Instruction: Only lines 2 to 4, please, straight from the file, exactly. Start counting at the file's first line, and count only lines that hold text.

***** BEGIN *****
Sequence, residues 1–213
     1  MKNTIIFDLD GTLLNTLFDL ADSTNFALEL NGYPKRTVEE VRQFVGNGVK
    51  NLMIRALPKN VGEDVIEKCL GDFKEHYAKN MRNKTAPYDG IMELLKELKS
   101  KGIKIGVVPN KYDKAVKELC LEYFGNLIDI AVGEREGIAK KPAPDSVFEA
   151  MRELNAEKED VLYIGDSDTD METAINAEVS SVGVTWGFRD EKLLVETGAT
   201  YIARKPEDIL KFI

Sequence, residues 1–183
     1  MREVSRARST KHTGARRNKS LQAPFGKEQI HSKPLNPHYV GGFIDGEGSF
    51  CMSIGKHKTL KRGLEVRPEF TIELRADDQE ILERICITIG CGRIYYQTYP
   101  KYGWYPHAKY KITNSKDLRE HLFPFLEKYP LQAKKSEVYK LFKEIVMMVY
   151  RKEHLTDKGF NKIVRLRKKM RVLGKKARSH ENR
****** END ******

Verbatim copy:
     1  MKNTIIFDLD GTLLNTLFDL ADSTNFALEL NGYPKRTVEE VRQFVGNGVK
    51  NLMIRALPKN VGEDVIEKCL GDFKEHYAKN MRNKTAPYDG IMELLKELKS
   101  KGIKIGVVPN KYDKAVKELC LEYFGNLIDI AVGEREGIAK KPAPDSVFEA